Is Supervalu (SVU) walking the path of Kroger (KR)? Supervalu is now in survival mode and their next step seems to be cutting costs to protect margins. We can't ignore that end of the day its all about the top line improvement. To make situations worse, the weak economy coupled with weak consumer spending and aggressive competition in the grocery business might add obstacles to the company's strategic plans for any short term financial fix.
It took Kroger close to 5 years to turnaround its business and that too in a stronger economy and a less crowded competitive environment. We don't think the current valuations of the company should be a cause of excitement within the investment community. If anything, it should create more cautiousness.
Managements new and improved strategic plan for survival:
1. Cutting costs in the form of store closures, laying off employees, and cutting capital expenditures
2. De-levering – Increased debt reduction of $450-500mm versus the previously announced $400-450mm, suspending the dividend, lowering capex by $200mm and replacing its revolver with a restrictive term loan securitized by real-estate. The company replaced its senior credit facility with an asset-based lending facility and term loan secured by a portion of the Company’s real estate, which will remove restrictive covenant concerns and increase financial flexibility. The financing is expected to close in August, 2012
3. Re-adjusting their pricing structure, a goal to be achieved by 2014 – Given the competitive environment, this might be a challenge. Most recently, Walmart (WMT) decided to invest $2b in price reductions. This should be followed by others in their peer group
4. Other alternatives being analysed by the Board and the newly hired Financial Advisors – We understand these alternatives to possibly be selling assets or selling the company as whole. Supervalu has hired Goldman Sachs and Greenhill & Co. to weigh alternative options for the survival of the company
Yesterday, Supervalu (SVU) pre-announced Q1 EPS of $0.19 well below consensus of $0.38 driven by weaker same store sales growth reported as down 3.7%. To add pain to injury, management suspended the dividend, withdrew earnings guidance and made several strategic announcements details of which are mentioned above.
The biggest damage to the stock which declined 44% percent with a trade range of 2.7600 – 3.3900 was the suspension of the dividend. The 52-week range has been 2.7600 – 9.4400 with an annual return of – 65%. The Eden Prairie, Minnesota-based company’s shares has fallen 35 percent this year through yesterday, putting it on course for a fifth straight annual drop.
Additionally, Supervalu announced a new ABL facility and a real estate backed term loan. Supervalu is now no longer restricted by the debt covenants. The only downside is that the interest expense related to the $850mm real estate backed loan will be a negative to earnings going forward. The company provided more visibility on Save-A-Lot, the crown jewel of Supervalu which contributes 30% to operating profit and 15-20% to EBITDA.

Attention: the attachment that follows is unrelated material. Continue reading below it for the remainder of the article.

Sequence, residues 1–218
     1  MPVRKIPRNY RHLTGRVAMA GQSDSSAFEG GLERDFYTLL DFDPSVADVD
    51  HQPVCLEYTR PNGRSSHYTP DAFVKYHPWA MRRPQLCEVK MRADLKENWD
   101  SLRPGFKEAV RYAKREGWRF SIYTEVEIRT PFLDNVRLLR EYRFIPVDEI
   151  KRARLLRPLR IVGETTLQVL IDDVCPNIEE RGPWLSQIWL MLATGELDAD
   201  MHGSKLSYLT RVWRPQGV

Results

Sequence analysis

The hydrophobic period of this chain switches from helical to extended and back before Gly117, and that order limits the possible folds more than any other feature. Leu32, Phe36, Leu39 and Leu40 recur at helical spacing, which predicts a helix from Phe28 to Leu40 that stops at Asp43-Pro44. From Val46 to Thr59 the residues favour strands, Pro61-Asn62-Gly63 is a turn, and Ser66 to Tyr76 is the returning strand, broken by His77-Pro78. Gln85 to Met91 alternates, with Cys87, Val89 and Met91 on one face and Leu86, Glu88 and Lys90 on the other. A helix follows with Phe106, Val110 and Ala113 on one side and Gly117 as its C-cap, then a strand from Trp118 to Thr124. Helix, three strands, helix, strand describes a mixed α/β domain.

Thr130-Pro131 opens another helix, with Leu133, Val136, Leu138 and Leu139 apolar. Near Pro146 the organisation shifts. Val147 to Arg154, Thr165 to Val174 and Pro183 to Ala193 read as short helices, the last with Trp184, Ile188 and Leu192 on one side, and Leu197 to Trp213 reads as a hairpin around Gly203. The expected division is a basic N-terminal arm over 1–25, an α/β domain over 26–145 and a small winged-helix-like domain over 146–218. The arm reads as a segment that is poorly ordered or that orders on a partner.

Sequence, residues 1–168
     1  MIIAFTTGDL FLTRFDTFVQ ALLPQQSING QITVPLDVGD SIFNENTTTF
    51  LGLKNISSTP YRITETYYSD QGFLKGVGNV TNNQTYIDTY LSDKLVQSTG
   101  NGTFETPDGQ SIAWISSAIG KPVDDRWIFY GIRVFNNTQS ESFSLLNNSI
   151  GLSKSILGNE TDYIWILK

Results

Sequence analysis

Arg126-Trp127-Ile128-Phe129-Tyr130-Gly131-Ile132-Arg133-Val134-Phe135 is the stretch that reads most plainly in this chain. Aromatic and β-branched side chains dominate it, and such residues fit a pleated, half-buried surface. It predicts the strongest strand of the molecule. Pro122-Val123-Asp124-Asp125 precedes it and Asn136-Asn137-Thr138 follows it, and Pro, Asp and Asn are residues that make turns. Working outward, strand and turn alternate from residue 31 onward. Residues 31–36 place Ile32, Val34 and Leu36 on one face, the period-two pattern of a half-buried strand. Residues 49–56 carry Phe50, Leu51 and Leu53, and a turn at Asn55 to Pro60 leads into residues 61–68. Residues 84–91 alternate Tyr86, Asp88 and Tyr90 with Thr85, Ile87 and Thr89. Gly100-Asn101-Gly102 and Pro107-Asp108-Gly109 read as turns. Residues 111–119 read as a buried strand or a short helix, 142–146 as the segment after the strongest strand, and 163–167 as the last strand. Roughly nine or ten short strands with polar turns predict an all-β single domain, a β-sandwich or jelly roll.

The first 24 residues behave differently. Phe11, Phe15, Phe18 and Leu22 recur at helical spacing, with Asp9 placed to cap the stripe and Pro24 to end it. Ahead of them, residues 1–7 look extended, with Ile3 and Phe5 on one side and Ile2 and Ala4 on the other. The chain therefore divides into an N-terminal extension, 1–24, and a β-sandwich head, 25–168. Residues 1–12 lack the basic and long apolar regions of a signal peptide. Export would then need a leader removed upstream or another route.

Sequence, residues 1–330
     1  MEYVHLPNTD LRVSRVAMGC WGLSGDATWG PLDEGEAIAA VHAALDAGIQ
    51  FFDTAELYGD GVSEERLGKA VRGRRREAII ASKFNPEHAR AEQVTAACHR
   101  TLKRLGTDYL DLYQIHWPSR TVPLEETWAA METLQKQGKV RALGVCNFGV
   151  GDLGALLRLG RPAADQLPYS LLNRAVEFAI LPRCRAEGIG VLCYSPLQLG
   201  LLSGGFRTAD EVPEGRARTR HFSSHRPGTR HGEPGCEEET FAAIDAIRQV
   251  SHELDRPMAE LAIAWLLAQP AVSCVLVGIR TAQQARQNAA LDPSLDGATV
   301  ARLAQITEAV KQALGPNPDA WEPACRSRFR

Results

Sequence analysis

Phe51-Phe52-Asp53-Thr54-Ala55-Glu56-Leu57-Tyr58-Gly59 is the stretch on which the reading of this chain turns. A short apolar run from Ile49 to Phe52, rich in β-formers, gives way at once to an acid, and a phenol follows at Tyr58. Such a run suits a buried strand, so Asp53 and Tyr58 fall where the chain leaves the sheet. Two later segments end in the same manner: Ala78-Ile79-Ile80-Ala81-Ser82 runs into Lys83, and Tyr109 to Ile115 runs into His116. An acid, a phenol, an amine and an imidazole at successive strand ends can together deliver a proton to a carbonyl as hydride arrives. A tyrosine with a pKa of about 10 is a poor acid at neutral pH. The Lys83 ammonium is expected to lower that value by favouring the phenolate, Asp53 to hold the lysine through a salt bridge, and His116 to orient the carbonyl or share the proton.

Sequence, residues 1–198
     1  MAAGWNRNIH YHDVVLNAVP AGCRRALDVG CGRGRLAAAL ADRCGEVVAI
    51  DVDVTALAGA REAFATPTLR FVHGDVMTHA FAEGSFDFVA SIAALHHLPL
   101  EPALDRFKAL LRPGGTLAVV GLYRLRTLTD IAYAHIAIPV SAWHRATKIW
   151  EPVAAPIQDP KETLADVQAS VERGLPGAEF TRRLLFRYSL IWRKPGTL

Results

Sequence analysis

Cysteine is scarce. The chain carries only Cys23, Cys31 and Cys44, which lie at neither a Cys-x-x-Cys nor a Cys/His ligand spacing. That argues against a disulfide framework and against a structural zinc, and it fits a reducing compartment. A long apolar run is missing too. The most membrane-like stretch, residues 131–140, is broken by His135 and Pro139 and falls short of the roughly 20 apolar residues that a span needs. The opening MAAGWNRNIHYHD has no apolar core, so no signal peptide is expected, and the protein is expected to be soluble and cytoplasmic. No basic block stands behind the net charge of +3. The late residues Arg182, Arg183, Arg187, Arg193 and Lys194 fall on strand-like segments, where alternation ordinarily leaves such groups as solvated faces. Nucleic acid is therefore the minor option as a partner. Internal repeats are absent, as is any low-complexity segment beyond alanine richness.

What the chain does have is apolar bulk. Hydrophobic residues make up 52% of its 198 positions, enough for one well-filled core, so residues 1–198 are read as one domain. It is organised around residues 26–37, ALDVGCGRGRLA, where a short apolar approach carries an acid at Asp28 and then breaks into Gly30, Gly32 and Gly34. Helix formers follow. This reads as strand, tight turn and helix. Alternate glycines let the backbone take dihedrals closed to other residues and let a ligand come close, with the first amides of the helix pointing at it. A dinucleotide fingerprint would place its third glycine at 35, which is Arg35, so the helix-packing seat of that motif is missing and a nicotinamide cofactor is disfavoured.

Supervalu's decision to break up the profitability of the division is important but still a challenging business since the deterioration of its sales which reported a decline in IDs of 3.4% in Q1-2013 versus a 3.2% increase at the end of FY2012.
On the company's balance sheet – Supervalu has cash & cash equivalents of $151 million with total long-term debt of approximately $6 billion with approximately 3.2 billion due 2014-2015 and the remaining in 2016-2017. Close to $5b in debt which is in the form of senior unsecured notes hold covenants with cross-default covenants. Although the company was in compliance with all such covenants and provisions, replacing the term loan with a ABL facility has provided the company with more flexibility.
Valuation and a potential takeover target: The stock opened today at $3.38 and an Enterprise Value of $6.7 billion. Short interest in the stock is approximately 49% some of which is due to pairs trading with Safeway and Kroger. SVU trades with a EBITDA multiple of 3.9x versus Kroger's 6.7x and Safeway's 4.7x making it the most attractive of its peer group for a possible takeover. We rather look at EBITDA versus Earnings growth considering earnings are negative and fundamentals are the weakest with no short term catalyst to trigger an improvement. We stil dont believe that it would be easy to line up bidders for the company as a whole. Given its high leverage, tremendous need for restructuring and a weak operating environment, we still think that selling Save-A-Lot might be the best option for the company. Historically, Save-A-Lot has been a saving grace for the company.
This might be the environment to acquire cheap assets but keep in mind that investors have lost patience with losing businesses. Given the economic reports on consumer spending and the overall mystery in the global economy, investors will not be jumping to grow another grocery business when consumer spending is geared towards discount retailers such as Walmart.
Conclusion: We think company management has to build credibility and show us the light at the end of the tunnel before we get excited about shopping Supervalu. The fundamentals supersede the technicals in the case of Supervalu, which we believe is a long term goal in this weak economic environment.
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